PFAS: an overview of the chemical hazards and their impact on public health

Per- and polyfluoroalkyl substances (PFAS) represent a group of synthetic chemicals ubiquitous in industrial and consumer products, ranging from firefighting foam to non-stick cookware and food packaging. The persistent and bioaccumulative nature of PFAS raises concerns regarding their environmental and health impact, necessitating a comprehensive examination of their occurrence, potential sources, and associated risks. 

Persistence and Bioaccumulation

PFAS, known for their resistance to degradation, exhibit a persistent presence in the environment. This persistence, coupled with their bioaccumulative nature, leads to their accumulation in the food chain. The prolonged existence of PFAS in soil, water, and air contributes to widespread environmental contamination. The bioaccumulative trait raises concerns about potential health risks for both humans and wildlife, including reproductive issues, developmental problems, and an increased risk of certain cancers. 

Analytical Techniques and Challenges

Analyzing PFAS in food products and the environment involves various techniques, from conventional methods like LC-MS/MS to emerging low-cost methods. While conventional methods offer sensitivity, they are often expensive. In contrast, low-cost methods, while affordable, may lack the required sensitivity. The development of low-cost sensors emerges as a potential game-changer in PFAS analysis, aiding in sample prioritization for further investigation. 

PFAS and Climate Change

The environmental impact of PFAS extends beyond contamination. Their association with bioaccumulation, disruption of carbon cycling, and release of greenhouse gases raises concerns about their role in climate change. As the world grapples with climate-related challenges, it becomes crucial to consider the broader implications of PFAS contamination. Aquatic ecosystems are particularly vulnerable to both PFAS contamination and climate change stressors. Changes in water temperature, precipitation patterns, and extreme weather events associated with climate change can exacerbate the impacts of PFAS on these ecosystems.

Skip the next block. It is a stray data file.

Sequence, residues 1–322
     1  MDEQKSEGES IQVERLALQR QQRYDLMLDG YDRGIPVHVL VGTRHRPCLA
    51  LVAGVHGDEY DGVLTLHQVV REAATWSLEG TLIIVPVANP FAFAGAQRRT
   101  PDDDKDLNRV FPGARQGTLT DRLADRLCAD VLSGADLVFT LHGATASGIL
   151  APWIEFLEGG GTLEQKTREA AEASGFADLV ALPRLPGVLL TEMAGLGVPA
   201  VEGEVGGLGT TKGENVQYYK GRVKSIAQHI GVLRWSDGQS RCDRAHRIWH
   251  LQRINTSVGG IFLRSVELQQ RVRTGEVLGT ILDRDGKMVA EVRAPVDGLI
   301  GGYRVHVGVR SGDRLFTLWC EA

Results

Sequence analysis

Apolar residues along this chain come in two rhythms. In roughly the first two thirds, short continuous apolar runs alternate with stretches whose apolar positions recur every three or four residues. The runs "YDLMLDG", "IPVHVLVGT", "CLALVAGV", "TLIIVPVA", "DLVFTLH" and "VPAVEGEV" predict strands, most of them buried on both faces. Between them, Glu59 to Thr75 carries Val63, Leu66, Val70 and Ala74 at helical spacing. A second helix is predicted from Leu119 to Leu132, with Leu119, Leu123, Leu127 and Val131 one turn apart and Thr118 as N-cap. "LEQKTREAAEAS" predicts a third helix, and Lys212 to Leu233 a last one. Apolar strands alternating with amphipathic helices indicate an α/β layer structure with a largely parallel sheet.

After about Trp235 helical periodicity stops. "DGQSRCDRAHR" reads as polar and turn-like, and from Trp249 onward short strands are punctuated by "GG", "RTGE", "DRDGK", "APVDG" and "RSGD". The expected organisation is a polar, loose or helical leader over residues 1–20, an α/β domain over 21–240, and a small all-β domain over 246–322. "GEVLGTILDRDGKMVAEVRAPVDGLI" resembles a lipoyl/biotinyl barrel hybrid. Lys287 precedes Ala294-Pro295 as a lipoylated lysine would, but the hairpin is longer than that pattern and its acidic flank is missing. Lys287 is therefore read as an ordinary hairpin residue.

Holistic Approach Needed

In the face of climate-related stressors, addressing PFAS contamination requires a holistic approach. Understanding how PFAS distribution intersects with climate change and impacts public health and ecosystems is essential. Continuous monitoring, research, and regulatory efforts are necessary to minimize human exposure and mitigate potential health and environmental impacts. Incorporating data-sharing practices not only facilitates the collection of comprehensive datasets but also supports the development of AI models. PFAS contamination involves many data types, including analytical results, geographical information, and temporal trends. Data sharing fosters interdisciplinary collaboration, allowing experts from diverse fields to integrate their findings. This collaborative approach can transform raw data into actionable insights, supporting informed decision-making and contributing to a more resilient and sustainable approach in addressing PFAS contamination challenges. 

Funding for this research has been provided by the European Union’s Horizon Europe research and innovation programme EFRA (Grant Agreement Number 101093026). Funded by the European Union. Views and opinions expressed are however those of the author(s) only and do not necessarily reflect those of the European Union or European Commission-EU. Neither the European Union nor the granting authority can be held responsible for them. 

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